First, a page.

Hardwood flooring looks gorgeous when they are first installed, but their appearance does deteriorate over time. Although your home’s wood flooring can last for many years, it is going to require some regular maintenance. Most traditional hardwood floors will develop gaps over time. Although it can be frustrating, this is just part of the natural way wood reacts to its environment. Wood flooring loses moisture and dries out as a result of the exposure, wear, and tear. As this happens, it inevitably shrinks and changes shape. Of course, the problem can be further exacerbated if the boards were not tightly laid in the first place. Similarly, gaps may occur if the wood flooring suffered water damage or dry heat damage from below.
Minor gaps might be fine left alone at first. When the gaps in the wood floors become too wide, they might pose as a tripping hazard, especially if these tiles start to curl. The gaps are also likely to become unsightly and accumulate dirt. Before this happens, you will want to fix up your hardwood flooring. Follow this handy guide on how to fill all the gaps in the wood floors:
Determining whether the gaps need to be filled
If you’ve just started to notice a slight gap in your wooden floors, it is a good idea to fully assess the situation prior to taking immediate action. Keep in mind that all real wood floors will expand and contract. This is the result of seasonal weather changes and shifts in humidity. Some minor gaps should not be a cause for alarm because they simply indicate a change in the temperature. For example, you may notice small gaps in the winter that become nearly imperceptible in the warmer months. In these instances, it is probably not a great idea to tamper with them too much. In fact, filling the gaps may make the wood floors expand further once the temperature changes. This could potentially end up causing the boards to buckle. You need to figure out whether the gaps in your home’s wood floors are minor or severe. Depending on the extent of the problem, you can take necessary steps if you do decide to fill the gaps in your wood flooring.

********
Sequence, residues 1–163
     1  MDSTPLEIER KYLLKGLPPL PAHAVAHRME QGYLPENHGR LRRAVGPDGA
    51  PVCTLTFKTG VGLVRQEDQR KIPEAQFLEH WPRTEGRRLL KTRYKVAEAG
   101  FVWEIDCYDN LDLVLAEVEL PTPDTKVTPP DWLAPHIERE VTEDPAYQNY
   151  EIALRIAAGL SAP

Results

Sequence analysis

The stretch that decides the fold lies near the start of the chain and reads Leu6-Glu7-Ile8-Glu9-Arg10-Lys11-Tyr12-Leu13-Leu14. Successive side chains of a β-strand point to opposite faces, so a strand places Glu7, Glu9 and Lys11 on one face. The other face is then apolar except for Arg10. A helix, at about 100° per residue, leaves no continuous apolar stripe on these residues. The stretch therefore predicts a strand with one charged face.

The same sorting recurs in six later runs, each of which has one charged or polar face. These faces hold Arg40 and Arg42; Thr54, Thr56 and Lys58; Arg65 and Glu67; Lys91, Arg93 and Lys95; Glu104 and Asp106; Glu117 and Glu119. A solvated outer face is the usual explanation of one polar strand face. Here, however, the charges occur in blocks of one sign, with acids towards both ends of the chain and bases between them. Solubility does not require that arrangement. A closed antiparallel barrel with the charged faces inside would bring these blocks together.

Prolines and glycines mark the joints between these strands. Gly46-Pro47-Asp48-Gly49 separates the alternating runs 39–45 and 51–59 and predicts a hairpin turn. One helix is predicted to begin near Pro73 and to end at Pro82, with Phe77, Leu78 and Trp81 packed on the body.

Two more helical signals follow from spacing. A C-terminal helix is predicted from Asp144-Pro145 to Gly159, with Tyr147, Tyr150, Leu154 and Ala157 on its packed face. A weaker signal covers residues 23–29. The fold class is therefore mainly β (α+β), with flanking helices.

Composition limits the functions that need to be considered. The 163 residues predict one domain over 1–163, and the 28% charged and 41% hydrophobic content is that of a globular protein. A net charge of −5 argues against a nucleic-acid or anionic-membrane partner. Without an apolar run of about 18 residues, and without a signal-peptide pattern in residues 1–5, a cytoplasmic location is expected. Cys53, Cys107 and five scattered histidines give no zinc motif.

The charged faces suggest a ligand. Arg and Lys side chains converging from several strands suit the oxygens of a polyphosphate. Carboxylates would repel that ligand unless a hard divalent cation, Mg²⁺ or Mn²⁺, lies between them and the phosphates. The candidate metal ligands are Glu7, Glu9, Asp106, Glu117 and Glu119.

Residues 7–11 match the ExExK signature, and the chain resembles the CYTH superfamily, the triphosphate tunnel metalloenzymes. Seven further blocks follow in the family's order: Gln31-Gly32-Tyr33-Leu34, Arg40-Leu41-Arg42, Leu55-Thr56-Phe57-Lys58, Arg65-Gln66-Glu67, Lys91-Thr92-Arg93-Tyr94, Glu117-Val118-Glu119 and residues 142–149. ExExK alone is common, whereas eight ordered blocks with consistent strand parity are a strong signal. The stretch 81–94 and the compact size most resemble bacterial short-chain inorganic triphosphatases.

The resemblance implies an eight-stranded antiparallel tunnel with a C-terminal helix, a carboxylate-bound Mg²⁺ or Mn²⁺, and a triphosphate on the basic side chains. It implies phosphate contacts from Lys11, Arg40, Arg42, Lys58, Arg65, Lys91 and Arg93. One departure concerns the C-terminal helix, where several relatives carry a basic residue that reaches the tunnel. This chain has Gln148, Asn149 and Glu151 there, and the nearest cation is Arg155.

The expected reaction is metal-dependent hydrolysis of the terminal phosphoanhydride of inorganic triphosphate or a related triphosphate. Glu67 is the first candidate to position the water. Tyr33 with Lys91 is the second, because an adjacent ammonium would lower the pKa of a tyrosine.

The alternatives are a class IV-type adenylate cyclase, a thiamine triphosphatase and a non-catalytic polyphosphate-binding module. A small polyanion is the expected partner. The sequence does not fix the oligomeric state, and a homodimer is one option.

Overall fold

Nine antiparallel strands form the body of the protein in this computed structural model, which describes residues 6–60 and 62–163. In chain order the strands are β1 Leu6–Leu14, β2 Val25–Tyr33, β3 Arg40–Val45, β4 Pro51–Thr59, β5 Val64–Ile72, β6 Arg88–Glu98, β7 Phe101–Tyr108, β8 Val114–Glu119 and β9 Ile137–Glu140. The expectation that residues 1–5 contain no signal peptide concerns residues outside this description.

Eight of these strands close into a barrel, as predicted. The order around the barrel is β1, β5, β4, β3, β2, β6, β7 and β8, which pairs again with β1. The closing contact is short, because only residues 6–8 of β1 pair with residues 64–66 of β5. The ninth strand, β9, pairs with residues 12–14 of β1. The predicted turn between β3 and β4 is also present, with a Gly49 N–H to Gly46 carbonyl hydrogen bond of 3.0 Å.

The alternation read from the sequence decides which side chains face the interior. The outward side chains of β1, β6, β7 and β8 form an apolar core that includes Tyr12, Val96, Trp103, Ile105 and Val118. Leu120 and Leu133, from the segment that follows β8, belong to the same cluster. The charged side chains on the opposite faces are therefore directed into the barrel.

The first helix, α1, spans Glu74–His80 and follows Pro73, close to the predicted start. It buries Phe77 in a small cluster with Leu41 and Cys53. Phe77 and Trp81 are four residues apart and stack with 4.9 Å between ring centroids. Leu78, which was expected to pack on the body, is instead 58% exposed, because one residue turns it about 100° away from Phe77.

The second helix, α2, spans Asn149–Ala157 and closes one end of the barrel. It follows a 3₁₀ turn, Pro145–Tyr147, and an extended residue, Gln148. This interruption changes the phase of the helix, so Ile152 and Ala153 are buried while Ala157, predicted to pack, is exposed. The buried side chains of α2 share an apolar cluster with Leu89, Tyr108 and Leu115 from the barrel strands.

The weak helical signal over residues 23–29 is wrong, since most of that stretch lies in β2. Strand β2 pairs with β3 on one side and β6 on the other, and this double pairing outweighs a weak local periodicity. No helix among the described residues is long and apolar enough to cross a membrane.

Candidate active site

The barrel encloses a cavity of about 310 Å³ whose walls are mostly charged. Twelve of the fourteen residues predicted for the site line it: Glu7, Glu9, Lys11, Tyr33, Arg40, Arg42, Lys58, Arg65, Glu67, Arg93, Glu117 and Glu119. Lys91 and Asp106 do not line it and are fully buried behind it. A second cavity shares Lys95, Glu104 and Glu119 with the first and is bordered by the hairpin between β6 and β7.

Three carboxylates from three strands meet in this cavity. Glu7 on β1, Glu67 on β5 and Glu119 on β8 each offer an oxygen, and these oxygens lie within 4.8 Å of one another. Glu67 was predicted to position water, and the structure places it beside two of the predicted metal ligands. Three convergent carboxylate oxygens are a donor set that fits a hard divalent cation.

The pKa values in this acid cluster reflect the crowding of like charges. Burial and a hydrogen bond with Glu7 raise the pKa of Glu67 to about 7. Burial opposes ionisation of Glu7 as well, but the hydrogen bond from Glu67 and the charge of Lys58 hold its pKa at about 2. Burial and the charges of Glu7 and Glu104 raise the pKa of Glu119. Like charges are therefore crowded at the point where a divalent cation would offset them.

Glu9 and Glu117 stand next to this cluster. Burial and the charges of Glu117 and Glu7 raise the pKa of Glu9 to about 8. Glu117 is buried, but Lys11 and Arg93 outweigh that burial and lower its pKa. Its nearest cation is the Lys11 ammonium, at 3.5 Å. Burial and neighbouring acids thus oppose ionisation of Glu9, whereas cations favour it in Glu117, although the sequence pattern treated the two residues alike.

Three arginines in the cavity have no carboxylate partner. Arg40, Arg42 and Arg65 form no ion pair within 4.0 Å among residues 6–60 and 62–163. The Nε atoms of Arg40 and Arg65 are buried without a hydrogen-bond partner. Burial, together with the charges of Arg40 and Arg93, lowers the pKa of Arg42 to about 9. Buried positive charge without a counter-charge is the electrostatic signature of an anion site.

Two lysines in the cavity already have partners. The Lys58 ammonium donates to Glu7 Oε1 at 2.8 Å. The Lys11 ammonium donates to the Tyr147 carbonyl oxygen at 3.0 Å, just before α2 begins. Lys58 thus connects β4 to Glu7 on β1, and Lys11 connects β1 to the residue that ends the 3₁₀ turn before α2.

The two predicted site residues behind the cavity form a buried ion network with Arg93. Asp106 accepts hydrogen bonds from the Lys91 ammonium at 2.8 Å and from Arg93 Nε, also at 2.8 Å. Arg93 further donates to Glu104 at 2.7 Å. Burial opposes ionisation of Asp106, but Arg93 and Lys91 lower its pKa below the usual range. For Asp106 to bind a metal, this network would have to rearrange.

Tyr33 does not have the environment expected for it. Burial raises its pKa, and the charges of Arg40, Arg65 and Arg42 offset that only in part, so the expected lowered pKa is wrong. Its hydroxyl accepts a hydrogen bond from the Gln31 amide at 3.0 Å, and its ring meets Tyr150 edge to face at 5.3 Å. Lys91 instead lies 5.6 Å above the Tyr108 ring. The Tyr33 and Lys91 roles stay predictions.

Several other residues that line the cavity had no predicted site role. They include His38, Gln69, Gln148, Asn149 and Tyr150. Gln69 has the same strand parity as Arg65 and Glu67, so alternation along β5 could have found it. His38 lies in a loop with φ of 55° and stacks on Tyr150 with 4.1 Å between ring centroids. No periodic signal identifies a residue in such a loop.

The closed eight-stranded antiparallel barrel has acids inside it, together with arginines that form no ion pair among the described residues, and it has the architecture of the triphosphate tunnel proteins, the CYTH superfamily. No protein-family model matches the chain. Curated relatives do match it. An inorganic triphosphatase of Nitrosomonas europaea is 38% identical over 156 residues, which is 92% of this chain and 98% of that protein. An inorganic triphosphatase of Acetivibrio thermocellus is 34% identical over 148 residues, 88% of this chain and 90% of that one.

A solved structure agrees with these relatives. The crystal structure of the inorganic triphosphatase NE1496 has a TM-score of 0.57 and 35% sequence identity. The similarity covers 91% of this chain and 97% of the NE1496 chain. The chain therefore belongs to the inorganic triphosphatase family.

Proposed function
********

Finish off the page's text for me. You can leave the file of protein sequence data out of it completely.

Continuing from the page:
Wait for the humid season
Older wooden floors can grow gaps that are essentially permanent. This means the gaps don’t shift noticeably with changes in humidity. In order to confirm this is the case, it is a good idea to wait until the humid season in order to assess your boards. This is when the wood is most swollen, and the boards will be at their tightest. Check to see what state your wood flooring is in. If there is still enough space remaining that you can easily insert a coin, you’re probably going to want to do a repair job. Keep in mind that it is also best to do this when the gaps are most narrow. You will get the most accurate results while the humidity is still at a high.
Clean out any debris between the gaps
If you’ve decided to go ahead and fill the gaps, your first job will be getting the floors nice and clean. Start by removing any debris that has accumulated between the gaps. The process for doing this will be different depending on how much space there is. In general, you’ll want to vacuum the floor gaps with a powerful appliance. Afterwards, run a sharp object in between the gaps to dislodge anything that the suction power did not capture.
Once you’re satisfied that the gaps are thoroughly clean, it is time to apply your filler of choice. There are a variety of fillers available to do the job. Most fillers will be perfectly adequate if applied properly. You can choose between putty, powdered filler (which is mixed to a putty or paste form), or even caulking. Pick the filler that you’re most familiar and comfortable working with. Be sure to carefully read and adhere to any instructions provided. You also want to make sure that the gaps are completely filled, so note that accounting for a bit of overfill is a good idea.
Sand and stain
Once all the gaps are filled, you’ll want to leave the filler to dry before sanding down the floors and putting on the final touches. Depending on the type of floor and the filler that you’ve used, you may have more or less work to do when it comes to staining. When sanding and staining, make sure you work slowly. Ensure your sanding process is even. Apply as much stain as needed to arrive at an appearance that you’re happy with.
Wait and see
As stated above, it is important to remember that your wood floors are going to continue expanding and contracting depending on the humidity. You’ll have to keep an eye on them to ensure your fix was a success. In some cases, part of the filler will be pushed out as the boards expand. In these instances, you may need to repeat the sanding process once again.
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